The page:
In 2001 a sea shell was offered for sale that seemed to make no sense. Carved on the shell was a likeness of the iron steamship “Great Eastern,” the largest, most advanced ship of the 19th century. Just above the steamship was a carving of a gate described on the shell as the tomb of Abraham Lincoln. No known connection existed between the ship, launched in London in 1858, and Lincoln whose body was interred in May 1865 in Springfield, Illinois. Believing that the shell had been used to record some heretofore unknown event, Paul Stack began 15 years of research, collecting and organizing thousands of documents from libraries and universities in the US and the UK. What emerged was a story of a daring attempt by the Confederacy to break the blockade in September 1861 and an equally daring attempt by the Union to prevent this attempt. Inspired by true events, the story is one of treason, espionage, and a family ripped apart by the Civil War. A complementary website, www.september1861.com, sets forth pictures of the ship and persons involved, and original research documents.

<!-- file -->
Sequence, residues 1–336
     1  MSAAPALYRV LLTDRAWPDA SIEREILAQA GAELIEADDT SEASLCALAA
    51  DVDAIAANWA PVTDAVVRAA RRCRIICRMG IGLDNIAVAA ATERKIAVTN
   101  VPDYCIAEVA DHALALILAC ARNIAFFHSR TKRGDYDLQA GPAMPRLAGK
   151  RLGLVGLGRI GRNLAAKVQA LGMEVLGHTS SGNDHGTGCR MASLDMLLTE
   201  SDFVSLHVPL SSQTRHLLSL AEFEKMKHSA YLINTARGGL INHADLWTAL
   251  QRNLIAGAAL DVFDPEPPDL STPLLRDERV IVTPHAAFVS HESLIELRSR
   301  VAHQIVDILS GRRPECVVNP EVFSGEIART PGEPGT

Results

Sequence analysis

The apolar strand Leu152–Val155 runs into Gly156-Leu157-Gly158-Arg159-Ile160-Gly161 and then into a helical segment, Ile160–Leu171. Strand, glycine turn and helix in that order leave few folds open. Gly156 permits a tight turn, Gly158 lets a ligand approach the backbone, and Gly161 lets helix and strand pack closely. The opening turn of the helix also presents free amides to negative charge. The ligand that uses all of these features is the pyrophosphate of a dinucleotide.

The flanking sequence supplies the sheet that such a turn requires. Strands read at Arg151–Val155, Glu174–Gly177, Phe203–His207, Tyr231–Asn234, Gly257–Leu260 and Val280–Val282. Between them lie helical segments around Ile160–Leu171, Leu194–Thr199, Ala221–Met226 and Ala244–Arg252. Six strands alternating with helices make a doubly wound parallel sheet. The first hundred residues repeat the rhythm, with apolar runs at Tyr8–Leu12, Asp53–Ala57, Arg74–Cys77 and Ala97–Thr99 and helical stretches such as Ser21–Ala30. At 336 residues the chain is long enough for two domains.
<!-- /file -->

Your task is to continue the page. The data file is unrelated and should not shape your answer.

"Leviathan is an historical narrative unlike any other. On the one hand, it presents a rich and illuminating picture of social, political, technological, and emotional life on both sides of the Atlantic at the time of the Civil War. On the other hand, it presents a gripping narrative of an event that - if it happened - made possible the Union victory in 1865, and - if it didn’t happen - brings to imaginative life the obscure human events that combine to produce massive historical change. This is a rare book that is as instructive as it is exciting."
“The Leviathan is a very unusual and gripping Civil War novel replete with a richly developed supporting cast of Victorian era characters. The real protagonist, however, is the iron behemoth, Great Eastern. Launched amidst great fanfare in 1858 and seemingly cursed even before its massive hull floated on the Thames, the steamship was way ahead of its time. Indeed, it wasn’t duplicated in technology or size until the 20th century. Throughout the novel, the black monster looms menacingly, dominating the story until the very last thrilling page."
"Riveting: meticulously researched, skillfully constructed, morally wrenching, and deeply sobering as a portrait of the not-so-United States at the outset of the Civil War. This is not only a terrific story, but also one whose thesis about the critical early turning point of the War very well may be true,"